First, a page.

New anti-cholesterol vaccine could save 30,000 lives in a decade if made available by the NHS in England and Wales.
Inclisiran, which will be offered to hundreds of thousands of people, has been described as a “game changer” by health professionals.
The expensive drug usually costs around £ 2,000 a dose, but manufacturer Novartis has “agreed to an undisclosed discount,” the BBC reported to the NHS. As part of the deal, the program should begin “within a month,” the Times said.
The NHS estimates that the drug will be offered to around 300,000 people over the next three years to prevent 55,000 heart attacks and strokes and potentially save 30,000 lives over the next decade.
More than two in five people in England have high cholesterol, which puts them at significant risk of developing heart disease, while heart disease accounts for a quarter of deaths each year in England, says NHS England.
Nurses can give Inclisiran as an injection in primary care practices across England, which means patients can avoid regular hospital visits.
After an initial dose, the drug is given again after three months, and then twice a year.
How does the drug work?
The drug has been dubbed a “game changer” because of its “impressive study results”, Kat Lay told The Times. A global study led by Imperial College London showed that it “could safely lower cholesterol by 50%,” she reported.
And an injection twice a year is probably “less stressful for the patient than thinking about taking the daily pill,” says Lay.
Inclisiran works differently than statins, a far cheaper drug treatment used to lower blood cholesterol. While statins “slow down” the production of cholesterol in the liver, Inclisiran uses a “gene-silencing” effect to help the liver remove harmful cholesterol, according to the BBC.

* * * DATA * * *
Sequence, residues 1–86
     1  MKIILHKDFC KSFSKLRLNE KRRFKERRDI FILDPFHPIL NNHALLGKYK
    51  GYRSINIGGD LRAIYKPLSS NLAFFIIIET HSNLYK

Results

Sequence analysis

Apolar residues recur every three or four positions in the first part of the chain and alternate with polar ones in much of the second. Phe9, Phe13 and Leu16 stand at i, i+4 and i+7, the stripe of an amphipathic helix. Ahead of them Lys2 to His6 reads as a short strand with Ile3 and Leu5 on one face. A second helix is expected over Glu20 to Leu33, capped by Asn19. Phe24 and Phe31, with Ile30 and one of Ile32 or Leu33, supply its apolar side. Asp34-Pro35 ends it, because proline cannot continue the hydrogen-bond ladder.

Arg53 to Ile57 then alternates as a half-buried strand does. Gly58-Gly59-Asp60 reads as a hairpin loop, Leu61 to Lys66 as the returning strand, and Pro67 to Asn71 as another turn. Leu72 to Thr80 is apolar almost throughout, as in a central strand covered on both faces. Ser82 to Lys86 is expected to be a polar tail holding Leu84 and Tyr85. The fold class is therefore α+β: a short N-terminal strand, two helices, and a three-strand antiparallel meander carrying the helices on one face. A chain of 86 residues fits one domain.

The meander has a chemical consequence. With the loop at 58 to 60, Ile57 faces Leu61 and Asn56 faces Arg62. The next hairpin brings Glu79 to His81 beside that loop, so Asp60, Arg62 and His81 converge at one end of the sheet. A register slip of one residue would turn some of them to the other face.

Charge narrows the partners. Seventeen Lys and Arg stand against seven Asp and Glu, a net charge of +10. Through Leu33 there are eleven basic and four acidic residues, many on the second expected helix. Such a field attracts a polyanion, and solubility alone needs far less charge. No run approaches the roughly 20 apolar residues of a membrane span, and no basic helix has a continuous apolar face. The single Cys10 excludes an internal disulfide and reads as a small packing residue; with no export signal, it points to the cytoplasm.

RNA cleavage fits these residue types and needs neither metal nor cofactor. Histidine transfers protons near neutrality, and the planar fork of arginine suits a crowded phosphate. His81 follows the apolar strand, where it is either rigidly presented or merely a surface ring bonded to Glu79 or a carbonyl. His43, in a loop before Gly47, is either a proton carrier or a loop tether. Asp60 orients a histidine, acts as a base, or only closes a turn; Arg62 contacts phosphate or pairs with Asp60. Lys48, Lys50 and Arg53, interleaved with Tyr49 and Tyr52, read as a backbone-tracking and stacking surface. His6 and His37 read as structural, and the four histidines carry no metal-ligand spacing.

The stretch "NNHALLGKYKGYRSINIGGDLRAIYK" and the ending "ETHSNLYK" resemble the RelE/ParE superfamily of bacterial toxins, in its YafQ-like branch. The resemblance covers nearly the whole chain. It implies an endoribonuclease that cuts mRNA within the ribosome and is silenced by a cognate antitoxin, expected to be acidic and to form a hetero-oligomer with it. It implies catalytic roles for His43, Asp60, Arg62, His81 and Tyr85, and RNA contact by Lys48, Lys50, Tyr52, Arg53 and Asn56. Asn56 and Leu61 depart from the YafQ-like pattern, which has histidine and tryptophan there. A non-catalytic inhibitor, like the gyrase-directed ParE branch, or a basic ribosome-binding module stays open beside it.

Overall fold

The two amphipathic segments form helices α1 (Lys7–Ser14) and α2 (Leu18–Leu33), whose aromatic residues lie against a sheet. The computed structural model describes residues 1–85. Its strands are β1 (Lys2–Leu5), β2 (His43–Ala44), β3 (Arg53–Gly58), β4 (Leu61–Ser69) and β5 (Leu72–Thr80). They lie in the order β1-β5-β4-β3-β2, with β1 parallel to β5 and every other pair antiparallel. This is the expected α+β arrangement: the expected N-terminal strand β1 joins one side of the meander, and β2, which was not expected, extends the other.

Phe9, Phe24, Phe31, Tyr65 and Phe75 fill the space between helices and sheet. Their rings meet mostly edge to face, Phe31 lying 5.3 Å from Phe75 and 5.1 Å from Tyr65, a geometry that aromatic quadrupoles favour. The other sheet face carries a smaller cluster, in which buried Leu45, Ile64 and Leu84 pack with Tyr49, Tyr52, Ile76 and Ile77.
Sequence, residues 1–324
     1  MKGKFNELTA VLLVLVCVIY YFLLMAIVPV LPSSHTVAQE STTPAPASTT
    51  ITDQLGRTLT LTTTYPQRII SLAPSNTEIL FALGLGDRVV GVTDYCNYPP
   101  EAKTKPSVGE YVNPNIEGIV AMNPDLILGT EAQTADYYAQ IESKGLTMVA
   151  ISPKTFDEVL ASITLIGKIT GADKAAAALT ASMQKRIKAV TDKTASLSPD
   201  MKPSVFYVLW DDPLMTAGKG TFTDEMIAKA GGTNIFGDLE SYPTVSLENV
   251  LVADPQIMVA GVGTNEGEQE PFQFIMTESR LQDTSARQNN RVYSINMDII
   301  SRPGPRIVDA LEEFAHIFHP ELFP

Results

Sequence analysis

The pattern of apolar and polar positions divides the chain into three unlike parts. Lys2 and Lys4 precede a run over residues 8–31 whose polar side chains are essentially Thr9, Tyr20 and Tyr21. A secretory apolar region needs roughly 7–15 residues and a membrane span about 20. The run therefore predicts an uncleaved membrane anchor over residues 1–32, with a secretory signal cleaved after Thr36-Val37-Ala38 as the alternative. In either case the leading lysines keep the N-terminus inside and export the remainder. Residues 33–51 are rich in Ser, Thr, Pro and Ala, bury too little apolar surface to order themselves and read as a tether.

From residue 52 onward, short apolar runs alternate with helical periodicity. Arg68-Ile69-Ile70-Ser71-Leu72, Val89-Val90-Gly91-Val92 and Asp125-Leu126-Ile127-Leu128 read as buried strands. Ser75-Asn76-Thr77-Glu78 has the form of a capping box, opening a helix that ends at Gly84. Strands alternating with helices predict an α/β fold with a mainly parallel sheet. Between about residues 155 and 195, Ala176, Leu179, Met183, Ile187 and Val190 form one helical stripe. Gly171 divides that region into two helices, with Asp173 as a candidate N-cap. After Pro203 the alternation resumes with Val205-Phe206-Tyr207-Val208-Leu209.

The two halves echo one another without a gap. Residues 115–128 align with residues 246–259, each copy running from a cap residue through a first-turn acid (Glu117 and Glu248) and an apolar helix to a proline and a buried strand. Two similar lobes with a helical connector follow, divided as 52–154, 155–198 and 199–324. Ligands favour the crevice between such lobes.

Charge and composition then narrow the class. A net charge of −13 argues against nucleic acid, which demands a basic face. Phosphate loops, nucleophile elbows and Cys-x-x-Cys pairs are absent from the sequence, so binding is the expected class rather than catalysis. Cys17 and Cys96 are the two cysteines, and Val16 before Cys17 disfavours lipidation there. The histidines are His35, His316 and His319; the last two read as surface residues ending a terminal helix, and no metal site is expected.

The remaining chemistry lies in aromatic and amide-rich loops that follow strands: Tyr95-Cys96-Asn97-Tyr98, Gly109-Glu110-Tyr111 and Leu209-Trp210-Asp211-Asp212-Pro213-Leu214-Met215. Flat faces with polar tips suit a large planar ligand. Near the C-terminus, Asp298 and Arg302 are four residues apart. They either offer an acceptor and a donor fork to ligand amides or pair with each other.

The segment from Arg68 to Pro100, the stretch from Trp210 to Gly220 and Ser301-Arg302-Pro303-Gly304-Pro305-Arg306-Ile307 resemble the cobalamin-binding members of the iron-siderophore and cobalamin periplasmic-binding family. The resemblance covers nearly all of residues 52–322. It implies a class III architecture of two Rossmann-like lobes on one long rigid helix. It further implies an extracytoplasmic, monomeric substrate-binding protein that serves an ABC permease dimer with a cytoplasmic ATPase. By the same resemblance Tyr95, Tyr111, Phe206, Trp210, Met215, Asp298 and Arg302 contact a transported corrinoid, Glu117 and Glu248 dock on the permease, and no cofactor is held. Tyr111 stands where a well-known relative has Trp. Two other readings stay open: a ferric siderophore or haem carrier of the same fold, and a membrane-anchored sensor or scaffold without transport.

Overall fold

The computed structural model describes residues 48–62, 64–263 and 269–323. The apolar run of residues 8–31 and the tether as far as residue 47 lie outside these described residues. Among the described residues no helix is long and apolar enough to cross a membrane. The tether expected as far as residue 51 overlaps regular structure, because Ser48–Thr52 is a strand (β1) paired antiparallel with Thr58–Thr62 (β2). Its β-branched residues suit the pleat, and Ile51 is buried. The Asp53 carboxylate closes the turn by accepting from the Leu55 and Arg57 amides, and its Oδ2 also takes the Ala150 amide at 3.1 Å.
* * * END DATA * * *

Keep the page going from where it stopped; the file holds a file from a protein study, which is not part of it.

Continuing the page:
In fact, it “turns off” – or silences – a gene called PCSK9, causing the liver to take in and break down more of the “bad” cholesterol called LDL cholesterol in the blood.
The drug can be taken alone or with statins.
Who is the drug offered to?
The National Institute for Health and Care Excellence (NICE) has made recommendations that the drug should be used in hundreds of thousands of people with high cholesterol or mixed dyslipidemia – abnormally high levels of fat in the blood – who have had a heart attack or stroke.
Under the After all, “public health agreements” between Novartis and the NHS could benefit nearly half a million people from treatment.
“Inclisiran is a potential game changer to prevent thousands of people from prematurely dying of heart attacks and strokes,” said Meindest Boysen, NICE Vice President and Director of the Center for Health Technology Evaluation.
“We are therefore happy to recommend it as an affordable option for the NHS.”
And health experts hope that the drug will be offered to “even more patients with heart problems” in the future, The Guardian reported.
“More research is needed to confirm the full scope of its benefits, but I expect it will also be approved in the future for lowering cholesterol for a much larger group of people in order to prevent heart attack or stroke.” Professor Sir Nilesh Samani, the British Heart Foundation’s medical director, told the newspaper.